Remarkably, Friel’s status wasn’t built on these extraordinary success stories alone. During the Troubles, plays such as Translations, filled with a multigenerational sense of restlessness and insecurity, felt like urgent responses to shattering atrocities. Throw in an impressive flair for importing recognisable techniques from Anton Chekhov’s plays, as well as becoming a competent translator of the Russian master, and his achievement seems measureless compared with any native contemporaries.
Friel’s name isn’t going to vanish from programmes any time soon, but there is always a chance of something daring becoming complacent. Isn’t it the case that during the 2010s – a period after Friel stopped writing – the plays had a weird decade in Ireland? Bar a few exceptions, the works of the number one playwright often received bright reassuring productions, usually seen in risk-averse summer slots, and rarely with any bold new approaches. On stage, the grass in Ballybeg seemed greener than before, and its oppressive small-town life came across as storybook rather than startling. It’s as if, in banking on the perceived prestige of modern classics, most companies had stopped taking risks when it came to Friel.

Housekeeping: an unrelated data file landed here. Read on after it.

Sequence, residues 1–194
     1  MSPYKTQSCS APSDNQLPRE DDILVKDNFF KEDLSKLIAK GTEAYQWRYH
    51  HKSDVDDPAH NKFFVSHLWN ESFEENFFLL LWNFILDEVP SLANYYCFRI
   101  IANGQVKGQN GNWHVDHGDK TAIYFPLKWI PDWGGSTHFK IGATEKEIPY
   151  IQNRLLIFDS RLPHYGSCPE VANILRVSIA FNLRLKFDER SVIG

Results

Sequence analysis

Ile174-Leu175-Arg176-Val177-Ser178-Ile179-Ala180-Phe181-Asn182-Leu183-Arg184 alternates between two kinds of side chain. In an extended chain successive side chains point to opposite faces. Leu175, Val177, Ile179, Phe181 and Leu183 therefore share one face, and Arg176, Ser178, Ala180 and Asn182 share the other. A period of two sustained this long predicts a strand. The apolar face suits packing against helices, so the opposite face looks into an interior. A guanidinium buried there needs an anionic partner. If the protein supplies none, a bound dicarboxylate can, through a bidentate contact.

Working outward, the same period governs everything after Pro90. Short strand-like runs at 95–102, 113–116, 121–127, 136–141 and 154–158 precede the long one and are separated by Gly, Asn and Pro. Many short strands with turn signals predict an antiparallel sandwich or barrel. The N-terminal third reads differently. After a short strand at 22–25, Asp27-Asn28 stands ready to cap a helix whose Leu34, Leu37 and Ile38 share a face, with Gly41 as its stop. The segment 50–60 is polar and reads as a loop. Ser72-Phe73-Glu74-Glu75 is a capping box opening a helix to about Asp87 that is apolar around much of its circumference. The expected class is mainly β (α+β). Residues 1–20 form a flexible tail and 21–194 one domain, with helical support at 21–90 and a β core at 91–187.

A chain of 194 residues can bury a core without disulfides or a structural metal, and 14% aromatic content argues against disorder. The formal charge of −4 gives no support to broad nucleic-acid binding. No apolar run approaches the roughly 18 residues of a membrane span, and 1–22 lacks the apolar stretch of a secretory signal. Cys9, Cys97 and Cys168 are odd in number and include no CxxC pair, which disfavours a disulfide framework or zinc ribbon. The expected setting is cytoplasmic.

If that period saw little reinvigoration, we might be in the middle of a significant shift. In late 2021, several productions began to be announced, each sounding adventurous in their undertaking. So far four major revivals will occur within seven months, to audiences in Cork, Letterkenny, Dublin and Belfast. Friel is beginning to reappear all over.
A visual art critic might look at this, the first surge in popularity since this playwright’s death, and wonder: is this the death effect? Following the outpouring of grief and tributes by artists, fans and critics a few years ago, making persuasive accounts of his artistry, there’s a noticeable emphasis on replenishing the plays rather than presenting them as expensive classics.